The backbone of any dental practice is the management system. In its infancy, it merely replaced billing systems and the appointment book. As the systems became more complex and computing evolved, most practices assembled a robust network with full office connectivity and a central depot for information and network control called the server. These servers are the heart of the system and have to be constantly maintained and monitored, much like a patient in the ICU. As new updates are received from practice management software companies, they have to be installed on the server and perhaps at each workstation. Many practices receive disks or email instructions for the download and ignore them for several reasons. One is the fear that an update will shut the system down or just make changes in some processes that users might not understand immediately. Of course, software companies do their best to ensure that their updates are workable, but as we all know, there might be some odd feature that a practice has in its network substructure. Some practices wait until others upgrade and await reports that all is well. Usually this means months of running an older system and forgetting to do the update altogether. Unfortunately, this philosophy fails when there is a call to a support hotline, and you are asked when you applied the latest update.
Practice networks are also connected to the Internet, and connections must be carefully monitored to prevent attacks from outside sources. If (or when) employees decide to “wander” in cyberspace, malware could be introduced into the network. We have all seen even the most complex corporate networks being vulnerable; data can be corrupted or even hijacked without the practice knowing it. There have to be safeguards in place.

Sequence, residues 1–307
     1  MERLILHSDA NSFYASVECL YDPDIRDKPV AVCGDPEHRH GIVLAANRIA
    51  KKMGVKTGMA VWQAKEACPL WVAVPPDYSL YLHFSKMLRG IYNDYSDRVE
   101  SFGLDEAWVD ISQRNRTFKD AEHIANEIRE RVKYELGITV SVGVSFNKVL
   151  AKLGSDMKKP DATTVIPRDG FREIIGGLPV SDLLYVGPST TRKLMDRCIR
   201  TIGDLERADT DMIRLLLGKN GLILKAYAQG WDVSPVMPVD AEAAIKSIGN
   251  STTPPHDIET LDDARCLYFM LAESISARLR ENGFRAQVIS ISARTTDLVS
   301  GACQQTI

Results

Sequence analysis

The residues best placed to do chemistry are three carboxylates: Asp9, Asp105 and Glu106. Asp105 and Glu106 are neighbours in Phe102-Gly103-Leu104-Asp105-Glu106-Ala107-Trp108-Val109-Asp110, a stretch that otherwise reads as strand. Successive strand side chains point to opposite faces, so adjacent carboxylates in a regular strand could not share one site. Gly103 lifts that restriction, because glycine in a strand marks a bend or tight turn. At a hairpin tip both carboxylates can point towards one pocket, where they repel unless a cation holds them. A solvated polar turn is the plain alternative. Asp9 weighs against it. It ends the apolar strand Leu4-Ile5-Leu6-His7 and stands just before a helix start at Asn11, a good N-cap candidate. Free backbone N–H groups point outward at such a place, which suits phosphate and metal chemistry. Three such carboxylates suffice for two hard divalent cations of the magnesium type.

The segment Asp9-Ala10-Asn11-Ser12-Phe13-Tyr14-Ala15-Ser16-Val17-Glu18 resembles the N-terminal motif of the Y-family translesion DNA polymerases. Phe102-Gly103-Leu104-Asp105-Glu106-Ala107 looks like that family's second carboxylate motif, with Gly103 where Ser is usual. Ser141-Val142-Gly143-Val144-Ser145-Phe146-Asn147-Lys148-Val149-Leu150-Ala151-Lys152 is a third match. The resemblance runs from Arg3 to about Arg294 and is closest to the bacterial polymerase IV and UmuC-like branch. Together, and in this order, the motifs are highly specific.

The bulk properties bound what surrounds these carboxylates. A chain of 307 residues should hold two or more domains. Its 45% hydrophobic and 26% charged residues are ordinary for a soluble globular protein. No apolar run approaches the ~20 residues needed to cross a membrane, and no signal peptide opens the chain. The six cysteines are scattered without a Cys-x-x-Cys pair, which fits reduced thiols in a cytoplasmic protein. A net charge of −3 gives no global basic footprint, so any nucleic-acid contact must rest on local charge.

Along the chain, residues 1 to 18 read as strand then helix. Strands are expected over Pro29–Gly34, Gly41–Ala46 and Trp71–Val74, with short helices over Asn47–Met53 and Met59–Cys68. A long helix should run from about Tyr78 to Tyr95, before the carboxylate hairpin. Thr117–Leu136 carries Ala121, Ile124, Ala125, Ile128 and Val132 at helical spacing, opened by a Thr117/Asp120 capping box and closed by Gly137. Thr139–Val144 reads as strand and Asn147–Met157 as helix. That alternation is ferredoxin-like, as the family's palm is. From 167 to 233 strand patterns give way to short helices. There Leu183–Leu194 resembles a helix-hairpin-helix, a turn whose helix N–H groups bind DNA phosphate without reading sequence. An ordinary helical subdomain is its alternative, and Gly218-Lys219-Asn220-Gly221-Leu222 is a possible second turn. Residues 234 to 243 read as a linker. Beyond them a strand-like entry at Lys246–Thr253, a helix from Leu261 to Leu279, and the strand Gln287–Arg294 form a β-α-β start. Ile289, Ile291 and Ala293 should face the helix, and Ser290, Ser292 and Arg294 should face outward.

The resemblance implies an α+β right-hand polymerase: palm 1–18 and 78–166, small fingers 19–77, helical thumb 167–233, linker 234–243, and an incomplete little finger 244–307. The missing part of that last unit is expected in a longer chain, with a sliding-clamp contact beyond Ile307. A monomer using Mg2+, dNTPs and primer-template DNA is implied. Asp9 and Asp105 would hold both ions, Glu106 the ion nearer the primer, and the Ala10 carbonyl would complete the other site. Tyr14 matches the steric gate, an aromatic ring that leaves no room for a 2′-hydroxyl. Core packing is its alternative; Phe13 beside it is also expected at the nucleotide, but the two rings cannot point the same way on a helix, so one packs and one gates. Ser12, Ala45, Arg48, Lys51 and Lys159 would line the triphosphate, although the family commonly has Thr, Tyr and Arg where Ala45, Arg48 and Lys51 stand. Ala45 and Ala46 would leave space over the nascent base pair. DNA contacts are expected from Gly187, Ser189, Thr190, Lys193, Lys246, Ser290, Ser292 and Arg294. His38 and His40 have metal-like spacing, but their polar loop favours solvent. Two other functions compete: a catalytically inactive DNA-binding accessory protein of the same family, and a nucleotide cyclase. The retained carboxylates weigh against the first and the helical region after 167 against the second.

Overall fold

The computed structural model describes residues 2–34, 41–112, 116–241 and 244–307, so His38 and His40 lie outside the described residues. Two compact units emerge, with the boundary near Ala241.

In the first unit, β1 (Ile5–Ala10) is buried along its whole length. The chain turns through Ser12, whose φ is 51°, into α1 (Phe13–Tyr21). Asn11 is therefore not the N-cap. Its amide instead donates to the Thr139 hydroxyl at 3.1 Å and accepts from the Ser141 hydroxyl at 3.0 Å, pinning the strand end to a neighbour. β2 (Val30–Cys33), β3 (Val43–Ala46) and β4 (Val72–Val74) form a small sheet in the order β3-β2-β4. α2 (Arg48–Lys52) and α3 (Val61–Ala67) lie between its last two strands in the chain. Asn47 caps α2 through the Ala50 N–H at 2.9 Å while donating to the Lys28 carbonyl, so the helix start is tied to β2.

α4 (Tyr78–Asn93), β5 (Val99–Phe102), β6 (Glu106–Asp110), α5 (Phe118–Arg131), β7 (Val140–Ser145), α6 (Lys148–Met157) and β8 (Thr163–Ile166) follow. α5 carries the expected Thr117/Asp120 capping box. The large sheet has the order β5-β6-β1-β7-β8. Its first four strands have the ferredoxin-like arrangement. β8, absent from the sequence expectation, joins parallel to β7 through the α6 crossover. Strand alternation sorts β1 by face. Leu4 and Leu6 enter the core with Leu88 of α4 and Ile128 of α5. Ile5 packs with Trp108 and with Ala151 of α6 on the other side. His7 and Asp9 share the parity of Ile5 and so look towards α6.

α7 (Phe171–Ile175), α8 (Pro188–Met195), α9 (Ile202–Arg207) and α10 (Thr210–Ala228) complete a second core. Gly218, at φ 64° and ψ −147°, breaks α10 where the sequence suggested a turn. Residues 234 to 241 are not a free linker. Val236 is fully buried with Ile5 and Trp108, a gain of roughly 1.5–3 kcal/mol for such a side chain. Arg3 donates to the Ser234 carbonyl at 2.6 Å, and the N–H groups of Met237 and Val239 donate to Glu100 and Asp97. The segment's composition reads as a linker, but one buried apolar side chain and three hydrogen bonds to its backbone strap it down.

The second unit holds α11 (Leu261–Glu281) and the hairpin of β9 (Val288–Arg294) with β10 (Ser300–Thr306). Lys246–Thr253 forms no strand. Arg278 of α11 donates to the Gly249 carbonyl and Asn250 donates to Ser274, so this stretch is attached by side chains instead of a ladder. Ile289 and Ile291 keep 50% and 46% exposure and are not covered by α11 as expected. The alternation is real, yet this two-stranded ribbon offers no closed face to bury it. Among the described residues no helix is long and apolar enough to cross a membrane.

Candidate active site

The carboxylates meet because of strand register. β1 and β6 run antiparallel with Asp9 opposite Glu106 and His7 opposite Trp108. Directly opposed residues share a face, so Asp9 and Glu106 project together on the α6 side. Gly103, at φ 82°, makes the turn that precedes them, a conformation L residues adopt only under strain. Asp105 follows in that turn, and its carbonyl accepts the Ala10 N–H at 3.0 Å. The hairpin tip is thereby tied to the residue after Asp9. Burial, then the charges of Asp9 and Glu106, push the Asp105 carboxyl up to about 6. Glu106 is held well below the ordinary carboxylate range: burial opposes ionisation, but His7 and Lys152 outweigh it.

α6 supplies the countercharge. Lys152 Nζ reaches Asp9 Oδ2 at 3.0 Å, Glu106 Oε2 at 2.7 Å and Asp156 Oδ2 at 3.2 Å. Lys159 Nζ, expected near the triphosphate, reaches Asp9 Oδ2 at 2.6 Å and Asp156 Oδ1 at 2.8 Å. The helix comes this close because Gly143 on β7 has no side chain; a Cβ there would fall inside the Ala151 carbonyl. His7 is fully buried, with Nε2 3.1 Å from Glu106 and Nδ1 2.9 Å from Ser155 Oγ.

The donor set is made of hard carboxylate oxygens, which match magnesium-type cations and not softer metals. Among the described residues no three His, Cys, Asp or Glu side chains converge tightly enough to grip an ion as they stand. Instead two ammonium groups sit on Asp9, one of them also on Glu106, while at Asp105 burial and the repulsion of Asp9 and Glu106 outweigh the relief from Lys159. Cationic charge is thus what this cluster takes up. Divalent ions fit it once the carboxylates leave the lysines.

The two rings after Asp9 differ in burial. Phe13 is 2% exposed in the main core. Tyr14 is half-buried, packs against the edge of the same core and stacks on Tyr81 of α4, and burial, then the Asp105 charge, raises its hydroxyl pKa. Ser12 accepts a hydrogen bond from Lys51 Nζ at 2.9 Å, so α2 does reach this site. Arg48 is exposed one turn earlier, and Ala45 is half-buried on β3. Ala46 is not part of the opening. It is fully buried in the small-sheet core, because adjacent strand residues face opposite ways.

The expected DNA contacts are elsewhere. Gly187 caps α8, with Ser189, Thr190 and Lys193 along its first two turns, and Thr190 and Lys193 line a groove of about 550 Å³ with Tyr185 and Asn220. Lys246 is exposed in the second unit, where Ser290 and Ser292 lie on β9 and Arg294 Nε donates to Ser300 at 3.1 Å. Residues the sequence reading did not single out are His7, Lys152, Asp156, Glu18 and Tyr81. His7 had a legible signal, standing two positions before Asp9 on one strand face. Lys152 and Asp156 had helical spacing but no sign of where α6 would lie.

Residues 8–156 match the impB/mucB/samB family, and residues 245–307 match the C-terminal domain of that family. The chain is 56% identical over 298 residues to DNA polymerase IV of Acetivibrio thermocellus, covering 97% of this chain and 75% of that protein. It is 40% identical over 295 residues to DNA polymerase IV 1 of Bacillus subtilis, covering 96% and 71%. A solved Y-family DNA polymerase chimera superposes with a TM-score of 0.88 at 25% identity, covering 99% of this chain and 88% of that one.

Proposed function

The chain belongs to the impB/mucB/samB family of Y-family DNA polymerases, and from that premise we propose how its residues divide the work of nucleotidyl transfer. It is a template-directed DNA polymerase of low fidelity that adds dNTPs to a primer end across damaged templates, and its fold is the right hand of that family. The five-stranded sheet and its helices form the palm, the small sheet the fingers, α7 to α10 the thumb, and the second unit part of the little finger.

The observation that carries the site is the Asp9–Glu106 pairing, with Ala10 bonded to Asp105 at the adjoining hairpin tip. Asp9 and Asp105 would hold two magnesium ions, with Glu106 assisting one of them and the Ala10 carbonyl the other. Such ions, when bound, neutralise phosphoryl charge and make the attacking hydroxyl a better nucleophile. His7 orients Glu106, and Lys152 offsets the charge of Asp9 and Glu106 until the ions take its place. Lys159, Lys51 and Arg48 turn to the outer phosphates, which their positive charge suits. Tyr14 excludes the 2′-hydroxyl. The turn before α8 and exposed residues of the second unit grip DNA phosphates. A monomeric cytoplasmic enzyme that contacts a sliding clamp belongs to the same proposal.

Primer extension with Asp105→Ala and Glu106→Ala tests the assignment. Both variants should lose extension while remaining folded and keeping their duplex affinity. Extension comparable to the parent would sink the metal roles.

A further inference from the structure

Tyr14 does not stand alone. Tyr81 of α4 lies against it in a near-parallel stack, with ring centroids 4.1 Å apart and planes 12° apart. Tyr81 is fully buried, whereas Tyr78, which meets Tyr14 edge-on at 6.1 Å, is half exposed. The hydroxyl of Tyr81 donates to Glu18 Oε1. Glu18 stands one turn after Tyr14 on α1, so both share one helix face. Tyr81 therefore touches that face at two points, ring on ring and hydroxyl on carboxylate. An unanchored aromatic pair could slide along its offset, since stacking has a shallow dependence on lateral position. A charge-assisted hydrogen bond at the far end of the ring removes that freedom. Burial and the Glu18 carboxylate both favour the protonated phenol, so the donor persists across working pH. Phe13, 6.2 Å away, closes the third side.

As far as backing up data is concerned, in this day of HIPAA, the server and all backups should be encrypted, especially those taken off premises. This is a task that many practices ignore. Backups are often created by copying data to flash drives, external hard drives, DVD media, and even laptops, and these items are often taken home. Many are soon returned to the practice, meaning that there are none off site, which would be tragic in case of a fire or other catastrophe. Your priority, should a catastrophe strike, should be to immediately exit the office, not look through cabinet drawers to grab the latest backup.
Also, backup storage devices could be lost or stolen, and if the information they contain is not encrypted, it becomes freely available to the new owner, and your liability could be staggering. Thankfully, there are many online backup systems available to a practice, and most maintain a copy of your data. But if there is a server failure or a catastrophe, if you get the data back from an online backup system, it is useless without the software programs themselves. This means you will have to reinstall the programs, but how? From the old disks you had when you started? But as you know, there have been several updates since then, and you will be spending potentially hours upon hours with tech support to get you up and running.